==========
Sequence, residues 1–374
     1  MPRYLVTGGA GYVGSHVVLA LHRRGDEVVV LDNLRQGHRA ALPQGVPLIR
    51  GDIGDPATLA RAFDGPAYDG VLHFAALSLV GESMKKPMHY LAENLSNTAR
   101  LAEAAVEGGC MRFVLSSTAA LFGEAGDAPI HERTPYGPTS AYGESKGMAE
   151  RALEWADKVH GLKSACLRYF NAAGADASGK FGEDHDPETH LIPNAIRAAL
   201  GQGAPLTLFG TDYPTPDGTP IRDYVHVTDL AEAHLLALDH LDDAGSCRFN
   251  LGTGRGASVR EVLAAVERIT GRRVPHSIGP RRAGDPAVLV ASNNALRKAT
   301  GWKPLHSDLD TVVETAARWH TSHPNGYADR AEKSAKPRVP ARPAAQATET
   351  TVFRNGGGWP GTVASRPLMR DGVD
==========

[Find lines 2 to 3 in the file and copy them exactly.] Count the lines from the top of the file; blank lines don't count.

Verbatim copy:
     1  MPRYLVTGGA GYVGSHVVLA LHRRGDEVVV LDNLRQGHRA ALPQGVPLIR
    51  GDIGDPATLA RAFDGPAYDG VLHFAALSLV GESMKKPMHY LAENLSNTAR